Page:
Today, a powerful symbol is taking to the skies: The Juneteenth flag.
Juneteenth commemorates Union Gen. Gordon Granger’s arrival in Texas in 1865, marking the official end of slavery—and while the flag may be new to some, it’s been around since 1997, with alterations made to the design in 2000.
National Juneteenth Celebration Foundation founder Ben Haith is behind the development of the flag, as well as the annual Juneteenth Flag Raising Ceremony at the Dillaway Thomas House in Boston. Illustrator Lisa Jeanne Graf took Haith’s design, along with contributions from Verlene Hines, Azim and Eliot Design, and refined a final version.
As Haith writes, “The Juneteenth Flag represents a star of Texas bursting with new freedom throughout the land, over a new horizon.”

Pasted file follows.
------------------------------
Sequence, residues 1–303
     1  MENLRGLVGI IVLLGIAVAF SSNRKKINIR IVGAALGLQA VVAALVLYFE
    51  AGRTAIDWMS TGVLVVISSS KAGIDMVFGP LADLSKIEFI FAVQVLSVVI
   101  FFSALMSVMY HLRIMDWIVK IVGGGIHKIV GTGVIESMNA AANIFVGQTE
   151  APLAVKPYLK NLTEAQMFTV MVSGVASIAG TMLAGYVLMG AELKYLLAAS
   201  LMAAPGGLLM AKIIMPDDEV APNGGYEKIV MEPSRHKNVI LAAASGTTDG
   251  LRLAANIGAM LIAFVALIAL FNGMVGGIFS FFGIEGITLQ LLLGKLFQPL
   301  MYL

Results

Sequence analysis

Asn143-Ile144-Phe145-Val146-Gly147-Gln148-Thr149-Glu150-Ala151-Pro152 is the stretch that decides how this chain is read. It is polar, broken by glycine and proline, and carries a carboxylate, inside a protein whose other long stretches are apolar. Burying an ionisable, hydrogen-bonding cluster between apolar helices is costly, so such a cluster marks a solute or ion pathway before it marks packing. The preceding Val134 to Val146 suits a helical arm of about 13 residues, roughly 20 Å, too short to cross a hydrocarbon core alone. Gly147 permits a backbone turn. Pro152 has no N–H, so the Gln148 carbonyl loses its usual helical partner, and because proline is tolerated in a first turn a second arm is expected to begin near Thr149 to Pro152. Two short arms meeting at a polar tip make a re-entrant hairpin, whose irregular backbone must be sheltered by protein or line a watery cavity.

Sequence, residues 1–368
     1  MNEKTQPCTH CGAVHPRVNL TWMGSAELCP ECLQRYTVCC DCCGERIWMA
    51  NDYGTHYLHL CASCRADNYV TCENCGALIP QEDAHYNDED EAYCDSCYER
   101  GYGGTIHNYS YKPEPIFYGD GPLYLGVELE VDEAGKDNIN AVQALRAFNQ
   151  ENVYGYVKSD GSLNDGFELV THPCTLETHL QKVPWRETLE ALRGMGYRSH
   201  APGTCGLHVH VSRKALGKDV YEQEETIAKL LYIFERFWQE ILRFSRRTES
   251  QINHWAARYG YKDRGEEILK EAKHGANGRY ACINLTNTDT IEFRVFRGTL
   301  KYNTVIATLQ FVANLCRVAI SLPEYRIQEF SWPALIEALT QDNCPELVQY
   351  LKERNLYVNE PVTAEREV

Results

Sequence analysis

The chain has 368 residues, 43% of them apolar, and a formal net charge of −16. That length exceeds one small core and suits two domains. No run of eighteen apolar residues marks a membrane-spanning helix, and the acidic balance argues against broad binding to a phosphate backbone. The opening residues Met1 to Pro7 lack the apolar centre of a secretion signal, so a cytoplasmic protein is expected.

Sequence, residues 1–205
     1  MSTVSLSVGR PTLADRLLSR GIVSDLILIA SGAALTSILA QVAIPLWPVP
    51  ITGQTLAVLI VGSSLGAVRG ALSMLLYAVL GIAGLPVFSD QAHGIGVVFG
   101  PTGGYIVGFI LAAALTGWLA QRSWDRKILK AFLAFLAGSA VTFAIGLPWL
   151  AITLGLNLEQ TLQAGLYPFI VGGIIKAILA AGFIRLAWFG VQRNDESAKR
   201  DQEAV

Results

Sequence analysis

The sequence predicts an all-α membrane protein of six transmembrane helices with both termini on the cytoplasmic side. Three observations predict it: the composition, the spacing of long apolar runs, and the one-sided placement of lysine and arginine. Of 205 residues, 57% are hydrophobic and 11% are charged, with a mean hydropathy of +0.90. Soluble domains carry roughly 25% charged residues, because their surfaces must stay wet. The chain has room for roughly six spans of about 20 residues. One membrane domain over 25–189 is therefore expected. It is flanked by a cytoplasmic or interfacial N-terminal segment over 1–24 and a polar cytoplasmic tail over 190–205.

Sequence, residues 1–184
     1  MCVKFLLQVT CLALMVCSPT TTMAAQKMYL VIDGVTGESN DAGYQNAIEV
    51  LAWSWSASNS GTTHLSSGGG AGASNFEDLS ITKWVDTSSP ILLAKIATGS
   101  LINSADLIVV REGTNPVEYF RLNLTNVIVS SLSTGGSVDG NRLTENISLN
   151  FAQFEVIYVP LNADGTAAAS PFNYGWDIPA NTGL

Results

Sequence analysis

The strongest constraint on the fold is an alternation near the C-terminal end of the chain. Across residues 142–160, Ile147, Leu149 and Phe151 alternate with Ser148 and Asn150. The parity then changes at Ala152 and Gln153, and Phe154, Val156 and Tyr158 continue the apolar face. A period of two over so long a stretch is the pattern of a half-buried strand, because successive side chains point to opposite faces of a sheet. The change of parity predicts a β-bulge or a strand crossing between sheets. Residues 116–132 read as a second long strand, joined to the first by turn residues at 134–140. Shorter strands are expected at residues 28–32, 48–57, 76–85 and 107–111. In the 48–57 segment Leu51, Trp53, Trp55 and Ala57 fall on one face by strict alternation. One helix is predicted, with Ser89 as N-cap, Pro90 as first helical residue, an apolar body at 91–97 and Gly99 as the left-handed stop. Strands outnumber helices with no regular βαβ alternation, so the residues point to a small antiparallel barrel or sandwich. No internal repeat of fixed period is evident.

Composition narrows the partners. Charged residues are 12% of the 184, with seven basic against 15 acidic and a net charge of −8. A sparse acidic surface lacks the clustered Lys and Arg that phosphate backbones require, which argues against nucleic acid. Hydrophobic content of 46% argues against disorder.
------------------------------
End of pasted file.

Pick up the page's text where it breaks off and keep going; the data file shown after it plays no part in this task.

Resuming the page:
As for some of the details, according to CNN:
The burst is inspired by a nova, aka a new star—representing a new beginning.
The curved surface indicates a horizon, a dawn of fresh opportunity and possibility for African Americans.
The color palette very deliberately utilizes red, white and blue, indicating freedom for black citizens in all states.
The date of Granger’s ride, June 19, 1865, was added in 2007.
Fly it high—and to sign a petition to make Juneteenth a federal holiday, click here.